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    Taxonomy Project: Thesis Readings

    HS Solie
    Jan 28, '13 12:15 PM EST

    In the course of thinking about ways to avoid working on my thesis, I came up with an idea to launch what I am calling the "Taxonomy Project."  Basically, I am trying to document the life/work/play of a thesis student, using Taubman College as a case study.  

    What I am trying to get at moves past the final product of thesis research that is up on the walls in May or posted on blogs and facebook along the way. Instead I want to look at the process of developing a thesis through the materials, literature and organizational logics with which we chose to surround ourselves.

    Things that really interest me personally are things like sketchbooks, reading materials, work space layout, internet bookmarks...just thinking out loud.  There is a really diverse collection of thesis projects and people here at Taubman College and while this project will almost certainly uncover variety, singularities and peculiarities, it should also reveal areas of homogeneity.  I hope that uncovering these areas of overlap and agreement will provide a greater understanding of the process of a thesis, and not just the final product.


    To that end, let's begin with a collection of images from the bookshelves of 'thesis land'....



    • cwh1


      Remembering back to that experience, I think about the sheer magnitude of literature available and trying to sift through it all to find what was most important to my research. Obviously there's a lot out there to read and the Duderstadt is/was always stocked. Although, I remember moments when I would actually spend my time collecting more books instead of actually reading them (thesis hoarders!) because I was too overwhelmed to focus with so many options (where to start, etc) It's always easier to say this in retrospect, but establish your focus quickly and become as knowledgeable in that one thread as possible. It's very easy to become a thesis student who knows a little about a lot, but not the other way around. Those arguments or positions tend to create a weaker project and final presentation. Some unsolicited food for thought. Good luck! 


      Jan 28, 13 1:09 pm  · 
      Save Western

      Also, start that bibliography for the thesis book now. Whether or not you've used every book, Your professor can throw a 10 page bibliography across the room much farther than a 3 page one. You are going to have better things to do come end of the semester than fill out the Manual of Style.

      Jan 29, 13 5:32 pm  · 

      Hey Chris,

      You hit the nail right on the head.  I have been having the same fears recently, that I am spending more time cultivating research material rather than actually absorbing the work I am collecting.  Thankfully my thesis advisor, Catie Newell, is making sure that we stay on track as much as possible.

      Anyways, thanks for the advice... keep it coming!


      Jan 30, 13 10:03 am  ·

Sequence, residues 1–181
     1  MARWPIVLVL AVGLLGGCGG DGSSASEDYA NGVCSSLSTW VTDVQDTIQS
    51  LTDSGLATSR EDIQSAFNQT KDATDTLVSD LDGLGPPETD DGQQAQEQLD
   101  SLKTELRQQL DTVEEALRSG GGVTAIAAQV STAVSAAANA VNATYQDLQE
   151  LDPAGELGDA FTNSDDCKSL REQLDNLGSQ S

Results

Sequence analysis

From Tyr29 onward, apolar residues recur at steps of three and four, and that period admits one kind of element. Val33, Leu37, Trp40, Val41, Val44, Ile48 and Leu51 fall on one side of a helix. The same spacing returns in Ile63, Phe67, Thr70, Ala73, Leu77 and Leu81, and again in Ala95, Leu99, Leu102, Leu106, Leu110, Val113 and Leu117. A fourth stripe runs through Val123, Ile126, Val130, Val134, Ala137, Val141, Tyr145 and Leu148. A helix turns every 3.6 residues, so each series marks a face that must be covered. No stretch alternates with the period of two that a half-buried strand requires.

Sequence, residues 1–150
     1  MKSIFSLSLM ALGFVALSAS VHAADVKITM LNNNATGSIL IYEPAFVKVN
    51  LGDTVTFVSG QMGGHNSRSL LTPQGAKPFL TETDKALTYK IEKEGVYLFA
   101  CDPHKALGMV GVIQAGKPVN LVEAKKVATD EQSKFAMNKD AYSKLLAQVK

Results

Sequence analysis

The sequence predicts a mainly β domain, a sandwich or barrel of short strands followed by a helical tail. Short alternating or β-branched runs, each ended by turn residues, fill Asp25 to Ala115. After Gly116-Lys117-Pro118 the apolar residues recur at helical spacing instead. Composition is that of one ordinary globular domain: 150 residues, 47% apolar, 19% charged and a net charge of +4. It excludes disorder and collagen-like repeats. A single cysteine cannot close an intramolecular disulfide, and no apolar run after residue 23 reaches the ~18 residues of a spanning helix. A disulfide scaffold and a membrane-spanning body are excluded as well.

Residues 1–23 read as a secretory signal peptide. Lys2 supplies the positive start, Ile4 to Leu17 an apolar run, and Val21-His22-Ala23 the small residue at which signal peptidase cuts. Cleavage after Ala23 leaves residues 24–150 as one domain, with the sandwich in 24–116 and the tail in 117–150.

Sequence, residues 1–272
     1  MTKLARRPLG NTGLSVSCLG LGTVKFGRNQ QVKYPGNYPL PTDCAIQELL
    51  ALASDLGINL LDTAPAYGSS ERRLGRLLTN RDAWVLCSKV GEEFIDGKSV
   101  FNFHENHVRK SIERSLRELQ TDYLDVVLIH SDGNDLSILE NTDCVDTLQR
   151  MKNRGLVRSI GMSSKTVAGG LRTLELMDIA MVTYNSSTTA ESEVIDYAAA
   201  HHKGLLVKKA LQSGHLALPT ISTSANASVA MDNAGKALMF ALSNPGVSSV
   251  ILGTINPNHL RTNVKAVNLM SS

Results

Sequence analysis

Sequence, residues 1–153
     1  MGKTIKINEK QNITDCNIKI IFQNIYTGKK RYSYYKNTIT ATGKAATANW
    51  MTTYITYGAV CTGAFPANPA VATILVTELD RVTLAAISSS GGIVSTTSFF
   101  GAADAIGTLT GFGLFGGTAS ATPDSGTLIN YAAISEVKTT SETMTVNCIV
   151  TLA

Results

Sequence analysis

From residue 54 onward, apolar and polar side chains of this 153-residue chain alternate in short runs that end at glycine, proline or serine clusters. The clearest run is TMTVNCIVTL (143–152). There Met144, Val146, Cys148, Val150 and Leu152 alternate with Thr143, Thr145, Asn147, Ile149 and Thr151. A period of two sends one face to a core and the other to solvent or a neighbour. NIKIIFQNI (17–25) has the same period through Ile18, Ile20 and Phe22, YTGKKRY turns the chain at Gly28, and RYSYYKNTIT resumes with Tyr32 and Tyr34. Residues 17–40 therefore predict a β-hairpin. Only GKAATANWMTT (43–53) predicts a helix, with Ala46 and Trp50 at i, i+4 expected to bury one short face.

It's fascinating to see what architecture students are reading nowadays.  This is like a snap shot in time of the state of architectural education today, a historical record.

      You have some great advice above.  The only thing I could add is just start writting and drawing, even if your ideas aren't fully formed.  I've found that clarity comes when one dives into the meat of the problem itself.  If your idea begins to change shape as you proceed, don't fight it, rather let it take you where it goes.  Good luck.

      Feb 1, 13 6:03 am  · 

      my 2-cents....Outline outline outline.  start with a 1-2 sentence thesis statement.  clear and to the point.  outline all the paragraphs and points that you need to touch on.  note in the supporting refs. under those points.  this will help you narrow your research into specific areas.

      it is important that you write first.  then look for supporting refs.

      It will change as you get into the research, but make sure you write something down even if you are not 100% sure about it.

      Feb 1, 13 10:42 am  · 

      also draw draw draw!  start designing your thesis simultaniously as you write it.  Don't be married to any idea, just get something on paper visually! 

      work back and forth....write, sketch, research..........once you have a good amount in each arena, refine it one area at a time.

      Feb 1, 13 10:45 am  · 

      wow, a hejduk book, who even knew you kids knew who hejduk was anymore...

      Feb 3, 13 1:57 am  · 

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About this Blog

I am a graduate student and an entrepreneur at the University of Michigan Taubman College where my studies are focused on leveraging design ideas across multiple scales and platforms. Meeting at the intersection between design, tectonics and fabrication, I am continually exploring how a design idea can navigate complex material and production systems and evolve into fully realized architectural artifacts.

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